Monthly Archives: May 2016

Don MacKenzie’s Driverless Car Research Featured in The New York Times


Don MacKenzie

Within the next 5-10 years, it is expected that new automobiles will be able to drive themselves under limited conditions. This automation will likely change the way people use cars, which could in turn affect energy consumption and greenhouse gas emissions. An expert on the anticipated environmental impact of self-driving cars, Assistant Professor Don MacKenzie’s research was featured in The New York Times and more than 500 other news outlets. Read the New York Times article.

MacKenzie published a new study earlier this year together with researchers from the University of Leeds and Oak Ridge National Laboratory. The researchers discovered that vehicle automation may lead to a dramatic increase in car usage, which could drastically reduce the environmental benefits of self-driving cars. With self-driving cars allowing people to work and relax while on the road, they may choose to drive more frequently, or choose their cars over other forms of transportation. The study estimates a 5-60 percent increase in energy consumption from cars.

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STAR Lab Collision Avoidance Research Featured on KIRO 7

STAR Lab Student on KIRO 7Ph.D. student Ruimin Ke, from the STAR Lab, was featured on KIRO 7 for his work on a collision avoidance project, which entails gathering data from 38 buses in the Seattle area that are testing out pilot technology that displays a warning to bus drivers when cars, pedestrians and cyclists get too close to the bus. Watch the video.

The project is being undertaken through a partnership between the STAR Lab and Washington State Transit Insurance Pool, with the goal of reducing the frequency and severity of transit vehicle collisions. The pilot technology consists of three displays in close proximity to bus drivers, at the left, center and right of the dashboard, which turn yellow or red to alert them about potential risks. The displays also indicate if the speed limit is being exceeded and if the bus is too close to the car ahead.

Ke is currently collecting data from the 38 buses, which are from transit agencies including King County Metro and Kitsap Transit. Each bus is tracked, and video is collected from each incident when the warnings go off. The STAR Lab is developing a methodology to evaluate the effectiveness of the collision avoidance system.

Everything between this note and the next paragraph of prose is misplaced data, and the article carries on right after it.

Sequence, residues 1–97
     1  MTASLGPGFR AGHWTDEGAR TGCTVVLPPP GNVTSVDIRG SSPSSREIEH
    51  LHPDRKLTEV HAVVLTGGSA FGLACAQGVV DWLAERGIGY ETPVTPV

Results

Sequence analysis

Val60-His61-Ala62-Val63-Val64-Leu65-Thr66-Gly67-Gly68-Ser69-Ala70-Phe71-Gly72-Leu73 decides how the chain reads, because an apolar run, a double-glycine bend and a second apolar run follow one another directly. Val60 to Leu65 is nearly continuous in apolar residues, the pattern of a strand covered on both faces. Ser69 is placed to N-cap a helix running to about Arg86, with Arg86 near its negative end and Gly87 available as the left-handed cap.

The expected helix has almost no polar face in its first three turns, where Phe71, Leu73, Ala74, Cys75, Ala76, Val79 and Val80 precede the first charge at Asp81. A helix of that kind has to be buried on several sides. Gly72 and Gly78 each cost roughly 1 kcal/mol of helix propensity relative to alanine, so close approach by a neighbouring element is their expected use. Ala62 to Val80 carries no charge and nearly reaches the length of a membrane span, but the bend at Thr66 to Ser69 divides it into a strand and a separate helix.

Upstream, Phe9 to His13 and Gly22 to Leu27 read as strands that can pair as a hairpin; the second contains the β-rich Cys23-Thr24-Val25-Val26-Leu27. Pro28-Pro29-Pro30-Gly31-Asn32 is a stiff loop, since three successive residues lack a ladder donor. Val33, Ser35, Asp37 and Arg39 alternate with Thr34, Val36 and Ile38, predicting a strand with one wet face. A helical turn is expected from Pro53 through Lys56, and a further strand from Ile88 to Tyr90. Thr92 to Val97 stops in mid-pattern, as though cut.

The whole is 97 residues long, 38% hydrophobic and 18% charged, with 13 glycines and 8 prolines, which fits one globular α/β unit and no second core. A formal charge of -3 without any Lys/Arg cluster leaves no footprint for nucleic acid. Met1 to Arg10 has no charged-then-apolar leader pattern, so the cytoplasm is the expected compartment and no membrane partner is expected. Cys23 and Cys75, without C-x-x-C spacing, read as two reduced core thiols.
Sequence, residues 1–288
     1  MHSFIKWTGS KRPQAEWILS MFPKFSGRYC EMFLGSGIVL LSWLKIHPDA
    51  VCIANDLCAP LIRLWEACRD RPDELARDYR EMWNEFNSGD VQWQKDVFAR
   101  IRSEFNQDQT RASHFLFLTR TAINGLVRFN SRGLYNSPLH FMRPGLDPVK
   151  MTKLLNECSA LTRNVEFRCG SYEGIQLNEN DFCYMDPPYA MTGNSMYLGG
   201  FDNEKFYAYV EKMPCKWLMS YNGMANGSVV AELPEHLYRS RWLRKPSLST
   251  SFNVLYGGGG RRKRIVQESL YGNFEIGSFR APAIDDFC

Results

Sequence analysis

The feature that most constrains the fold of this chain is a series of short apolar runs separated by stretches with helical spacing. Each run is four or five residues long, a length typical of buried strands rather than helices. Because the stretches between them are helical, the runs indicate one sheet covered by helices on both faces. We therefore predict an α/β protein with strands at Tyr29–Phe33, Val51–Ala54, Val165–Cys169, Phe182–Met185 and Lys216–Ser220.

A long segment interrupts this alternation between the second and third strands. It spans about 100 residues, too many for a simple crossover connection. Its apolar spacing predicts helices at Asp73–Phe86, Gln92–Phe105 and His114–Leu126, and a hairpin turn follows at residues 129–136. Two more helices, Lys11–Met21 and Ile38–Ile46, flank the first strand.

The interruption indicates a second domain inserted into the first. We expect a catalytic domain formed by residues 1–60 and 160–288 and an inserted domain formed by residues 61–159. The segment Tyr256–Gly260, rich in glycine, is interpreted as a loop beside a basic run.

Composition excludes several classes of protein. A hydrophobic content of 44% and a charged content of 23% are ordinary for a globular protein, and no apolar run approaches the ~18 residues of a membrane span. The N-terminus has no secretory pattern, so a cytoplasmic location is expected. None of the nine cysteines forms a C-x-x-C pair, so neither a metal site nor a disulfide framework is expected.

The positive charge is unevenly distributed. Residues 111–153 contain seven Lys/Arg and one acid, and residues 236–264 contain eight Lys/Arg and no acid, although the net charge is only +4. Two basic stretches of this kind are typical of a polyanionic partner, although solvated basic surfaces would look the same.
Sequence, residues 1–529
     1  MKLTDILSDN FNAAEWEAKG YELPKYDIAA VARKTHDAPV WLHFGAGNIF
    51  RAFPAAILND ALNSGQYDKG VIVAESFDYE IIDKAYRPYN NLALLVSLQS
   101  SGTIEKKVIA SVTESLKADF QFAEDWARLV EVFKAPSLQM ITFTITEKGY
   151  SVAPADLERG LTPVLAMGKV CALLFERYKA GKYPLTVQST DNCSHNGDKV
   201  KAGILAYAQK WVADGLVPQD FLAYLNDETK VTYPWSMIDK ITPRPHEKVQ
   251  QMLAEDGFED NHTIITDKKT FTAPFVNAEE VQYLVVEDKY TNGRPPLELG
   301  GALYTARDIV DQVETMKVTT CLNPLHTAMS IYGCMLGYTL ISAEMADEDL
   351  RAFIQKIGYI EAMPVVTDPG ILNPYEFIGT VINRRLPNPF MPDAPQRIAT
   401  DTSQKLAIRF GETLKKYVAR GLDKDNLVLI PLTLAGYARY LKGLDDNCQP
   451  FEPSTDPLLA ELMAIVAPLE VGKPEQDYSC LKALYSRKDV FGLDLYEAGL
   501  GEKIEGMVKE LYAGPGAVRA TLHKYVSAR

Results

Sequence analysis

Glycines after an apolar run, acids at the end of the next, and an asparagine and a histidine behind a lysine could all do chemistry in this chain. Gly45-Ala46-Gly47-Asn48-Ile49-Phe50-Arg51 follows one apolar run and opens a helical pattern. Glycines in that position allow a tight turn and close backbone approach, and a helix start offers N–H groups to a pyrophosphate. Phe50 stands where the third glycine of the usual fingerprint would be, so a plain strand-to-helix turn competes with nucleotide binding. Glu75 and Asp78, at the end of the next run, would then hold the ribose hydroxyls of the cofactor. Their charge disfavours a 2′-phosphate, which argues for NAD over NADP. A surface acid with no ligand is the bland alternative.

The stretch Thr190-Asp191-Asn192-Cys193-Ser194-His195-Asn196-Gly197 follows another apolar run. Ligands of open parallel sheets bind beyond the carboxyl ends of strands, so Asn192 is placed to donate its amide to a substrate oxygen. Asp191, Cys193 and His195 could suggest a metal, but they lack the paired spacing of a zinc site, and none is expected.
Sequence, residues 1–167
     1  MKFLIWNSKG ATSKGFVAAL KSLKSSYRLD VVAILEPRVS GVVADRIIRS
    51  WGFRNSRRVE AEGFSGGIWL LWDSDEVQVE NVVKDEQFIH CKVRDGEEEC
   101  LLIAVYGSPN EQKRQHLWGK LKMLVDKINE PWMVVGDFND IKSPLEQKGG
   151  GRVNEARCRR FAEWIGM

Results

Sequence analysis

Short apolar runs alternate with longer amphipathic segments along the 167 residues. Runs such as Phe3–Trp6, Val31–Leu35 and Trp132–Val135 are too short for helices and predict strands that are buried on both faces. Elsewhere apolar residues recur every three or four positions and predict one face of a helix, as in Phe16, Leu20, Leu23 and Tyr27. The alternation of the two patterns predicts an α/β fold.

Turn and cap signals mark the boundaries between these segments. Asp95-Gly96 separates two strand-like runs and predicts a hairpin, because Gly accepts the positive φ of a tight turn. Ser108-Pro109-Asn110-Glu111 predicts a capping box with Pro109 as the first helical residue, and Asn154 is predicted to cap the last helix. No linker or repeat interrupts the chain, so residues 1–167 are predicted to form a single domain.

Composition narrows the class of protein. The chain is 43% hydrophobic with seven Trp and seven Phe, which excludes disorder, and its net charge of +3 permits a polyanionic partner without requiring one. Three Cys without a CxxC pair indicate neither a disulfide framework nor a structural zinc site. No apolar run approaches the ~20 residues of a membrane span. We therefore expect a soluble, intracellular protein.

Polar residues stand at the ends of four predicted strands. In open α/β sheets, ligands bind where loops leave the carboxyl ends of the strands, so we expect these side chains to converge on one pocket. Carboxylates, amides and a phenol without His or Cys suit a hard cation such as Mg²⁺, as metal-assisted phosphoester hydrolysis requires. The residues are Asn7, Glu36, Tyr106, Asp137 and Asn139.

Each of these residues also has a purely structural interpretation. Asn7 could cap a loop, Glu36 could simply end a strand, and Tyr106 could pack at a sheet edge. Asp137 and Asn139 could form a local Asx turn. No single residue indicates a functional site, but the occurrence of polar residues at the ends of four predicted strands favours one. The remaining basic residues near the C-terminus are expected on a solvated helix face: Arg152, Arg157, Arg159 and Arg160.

New CEE-Led Center for Air Pollution Research Funded by $10 Million EPA Grant

Julian Marshall

Julian Marshall, Co-Lead

Chris Tessum

Chris Tessum, Research Scientist

Matt Bechle

Matt Bechle, Ph.D. Student

To address the nation’s pressing need for better air quality, a research team that includes UW Civil & Environmental Engineering researchers has received a $10 million Air, Climate and Energy (ACE) grant from the Environmental Protection Agency (EPA). The five-year grant funds a new research center, called the Center for Air, Climate and Energy Solutions (CACES), co-led by UW CEE Professor Julian Marshall in collaboration with more than 25 researchers from the University of Minnesota, Carnegie Mellon University and several other universities.

The new center is one of three ACE centers announced by the EPA at the annual Health Effects Institute conference held in Denver, Colo., on May 1, 2016. The new ACE centers were funded to address three primary objectives: better combined management of air pollution and climate change, the development of strategies for managing multiple air pollutants, and to tailor regulatory efforts to regions of the United States based on local context. A common theme in the UW effort is to improve access to air pollution data and models for both experts and novices.

“Several important steps for understanding and improving air pollution are challenging to carry out,” Marshall said. “We aim to make tools that are easier for others to use to understand how to improve air quality and reduce the negative health effects.”